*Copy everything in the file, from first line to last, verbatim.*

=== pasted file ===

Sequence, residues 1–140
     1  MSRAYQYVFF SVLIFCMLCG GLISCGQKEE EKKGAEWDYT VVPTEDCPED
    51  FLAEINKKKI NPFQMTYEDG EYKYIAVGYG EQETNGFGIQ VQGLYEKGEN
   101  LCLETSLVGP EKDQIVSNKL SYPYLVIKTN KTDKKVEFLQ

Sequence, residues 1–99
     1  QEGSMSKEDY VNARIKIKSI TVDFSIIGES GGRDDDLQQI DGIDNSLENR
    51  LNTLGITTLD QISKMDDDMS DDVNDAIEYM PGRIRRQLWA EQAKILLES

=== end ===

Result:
Sequence, residues 1–140
     1  MSRAYQYVFF SVLIFCMLCG GLISCGQKEE EKKGAEWDYT VVPTEDCPED
    51  FLAEINKKKI NPFQMTYEDG EYKYIAVGYG EQETNGFGIQ VQGLYEKGEN
   101  LCLETSLVGP EKDQIVSNKL SYPYLVIKTN KTDKKVEFLQ

Sequence, residues 1–99
     1  QEGSMSKEDY VNARIKIKSI TVDFSIIGES GGRDDDLQQI DGIDNSLENR
    51  LNTLGITTLD QISKMDDDMS DDVNDAIEYM PGRIRRQLWA EQAKILLES